Updated: Mar 4, 2021
What is it like to live in Sicily? Having recently moved to this beautiful island situated at the big toe of Italy’s boot, my friends and family have been asking me this question. I've traveled to Italy a number of times previously, so I have experience with the culture and I can speak ‘un poco Italiano’. But there are things you learn when you live in a place that are different than what you experience as a traveler. So I thought I would share my first impressions, and a few lessons I’ve learned so far.
The most important thing I’ve learned is that life is slow here, and to me that is a beautiful thing. When you come here, it’s like you’ve pressed the pause button on the craziness of life. Sometimes when life is moving so fast, you don’t notice all the amazing things around you. But here, they know what is most important, and they take pride in it. Fresh food made with local products from open air markets. Drinking a cappuccino at a street side cafe, enjoying meals with friends, and taking a daily riposo. Food, wine, and friendship…the necessities of life. La dolce vita.
Now, when I said everything moves more slowly here, that does not include driving. Driving here is as wild as you imagine it might be, with the crazy turned up juuuuuust a little bit more. Here are some of the lessons I’ve learned about driving in Sicily.
When driving in Sicily, there are two speeds. Fast. and Slow. The people here don’t really seem to care which category you fall into, just decide which one you are and commit to it. If you drive slow, stay as far to the right as you possibly can without hitting anything. This is so the fast people can pass you. Yes, people will pass you even when there is only one lane going in each direction! The middle of the road is used by people going in both directions for passing.
On highways and other roads with more than two lanes, ALWAYS drive in the right lane unless you are passing. This is a law! Think of the left lane like the Fast Pass line at Disney. You should only drive in it for the purpose of passing. If you’re brave enough to be one of the fast people, always pass on the left, but with caution. Especially if you are driving on a two lane road. You are taking your life in your hands; passing can sometimes be like a real life game of chicken.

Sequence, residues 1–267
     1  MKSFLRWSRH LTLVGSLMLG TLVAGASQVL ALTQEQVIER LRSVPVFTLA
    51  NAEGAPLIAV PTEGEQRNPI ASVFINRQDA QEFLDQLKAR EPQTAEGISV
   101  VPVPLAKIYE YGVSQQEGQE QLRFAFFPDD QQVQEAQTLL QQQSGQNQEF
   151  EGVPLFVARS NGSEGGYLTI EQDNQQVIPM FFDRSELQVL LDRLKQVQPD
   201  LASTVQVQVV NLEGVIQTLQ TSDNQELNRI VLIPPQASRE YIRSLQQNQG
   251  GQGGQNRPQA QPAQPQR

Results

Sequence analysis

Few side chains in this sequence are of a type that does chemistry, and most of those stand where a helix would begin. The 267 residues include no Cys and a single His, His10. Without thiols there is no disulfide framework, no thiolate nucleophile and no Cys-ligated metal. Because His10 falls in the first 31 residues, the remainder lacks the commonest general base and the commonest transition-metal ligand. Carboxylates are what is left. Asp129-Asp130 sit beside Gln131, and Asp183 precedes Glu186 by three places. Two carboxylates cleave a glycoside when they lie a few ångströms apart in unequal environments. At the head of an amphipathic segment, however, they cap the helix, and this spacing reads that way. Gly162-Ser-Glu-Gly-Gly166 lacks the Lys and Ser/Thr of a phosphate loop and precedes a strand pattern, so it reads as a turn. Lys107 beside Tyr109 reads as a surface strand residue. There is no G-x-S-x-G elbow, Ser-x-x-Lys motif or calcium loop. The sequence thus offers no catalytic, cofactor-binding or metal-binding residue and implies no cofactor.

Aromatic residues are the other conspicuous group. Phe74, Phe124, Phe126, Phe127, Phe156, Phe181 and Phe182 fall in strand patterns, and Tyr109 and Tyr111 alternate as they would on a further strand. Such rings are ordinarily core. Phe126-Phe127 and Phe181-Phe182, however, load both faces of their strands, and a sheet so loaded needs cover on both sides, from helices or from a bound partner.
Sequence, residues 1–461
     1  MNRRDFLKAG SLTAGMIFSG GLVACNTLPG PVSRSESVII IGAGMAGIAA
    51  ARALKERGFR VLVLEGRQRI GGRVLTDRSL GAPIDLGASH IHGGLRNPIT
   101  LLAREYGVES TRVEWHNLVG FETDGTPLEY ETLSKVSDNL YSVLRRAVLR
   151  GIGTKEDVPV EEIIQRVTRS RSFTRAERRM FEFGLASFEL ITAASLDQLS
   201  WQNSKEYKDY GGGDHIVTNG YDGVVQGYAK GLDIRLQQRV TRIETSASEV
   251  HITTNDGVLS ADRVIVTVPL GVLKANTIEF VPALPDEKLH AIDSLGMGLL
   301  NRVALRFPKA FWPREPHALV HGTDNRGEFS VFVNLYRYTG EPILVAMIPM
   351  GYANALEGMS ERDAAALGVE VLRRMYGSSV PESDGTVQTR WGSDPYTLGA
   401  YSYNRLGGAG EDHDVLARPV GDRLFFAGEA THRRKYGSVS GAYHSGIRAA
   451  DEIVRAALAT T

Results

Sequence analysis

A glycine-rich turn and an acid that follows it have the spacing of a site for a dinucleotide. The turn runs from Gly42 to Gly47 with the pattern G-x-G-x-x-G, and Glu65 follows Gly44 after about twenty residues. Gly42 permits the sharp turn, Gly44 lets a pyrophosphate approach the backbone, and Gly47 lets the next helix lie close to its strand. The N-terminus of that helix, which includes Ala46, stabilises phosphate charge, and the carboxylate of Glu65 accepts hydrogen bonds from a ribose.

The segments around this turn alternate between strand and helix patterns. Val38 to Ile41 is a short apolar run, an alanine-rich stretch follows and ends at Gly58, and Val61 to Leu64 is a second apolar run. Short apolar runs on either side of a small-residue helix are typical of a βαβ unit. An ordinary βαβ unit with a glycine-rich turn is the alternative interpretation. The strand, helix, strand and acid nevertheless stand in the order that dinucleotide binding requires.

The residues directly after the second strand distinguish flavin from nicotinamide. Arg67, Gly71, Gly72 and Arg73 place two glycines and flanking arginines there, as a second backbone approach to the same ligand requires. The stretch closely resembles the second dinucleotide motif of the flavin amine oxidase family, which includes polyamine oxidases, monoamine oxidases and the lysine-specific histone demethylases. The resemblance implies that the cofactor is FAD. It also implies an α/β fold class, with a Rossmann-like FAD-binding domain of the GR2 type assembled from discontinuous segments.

Road signs in Italy will tell you everything you need to know. The problem is that there are SO many of them! They can be overwhelming if you don’t know how to read them. Different colors and shapes mean different things. Circles usually tell you about a regulation or limit, while triangles warn you of dangers or hazards.
Spoiler alert! Just because a sign is posted does NOT mean people are going to do what it says. For example, speed limits, no passing, stop and yield all seem to be optional. I always drive assuming people are not going to follow the rules, that way I'm pleasantly surprised when they do.
Another general rule is that red signs usually tell you what you CAN'T do, and blue signs tell you what you CAN do.
The last thing I’ve learned about road signs is that when you are navigating, looking for an exit, or deciding which way to turn at a crossroads, there will not always be a street name, highway name, or even a highway number. Most often, there will be signs pointing in the direction of different towns or cities. So you have to know which towns to drive through in order to get to where you are going.
I’m sure I’ll get used to this once I learn the area, but when you’re taking a road trip it can be a little confusing, especially if you have to drive through 5 different small towns to get where you are headed!
Speaking of using different colors to indicate what you can and can’t do, this goes for parking as well. When looking for a place to park, I’ve learned to look at the colors of the lines painted on the side of the street. White lines mean you can park there and it’s free. Yellow lines mean no parking, or restricted parking such as for people with disabilities. The picture below on the left has white lines where cars are parked, but notice there is no one parked where the yellow line is. Circular shaped street signs with blue and red lines will also tell you if there are limitations for stopping on either side of the street.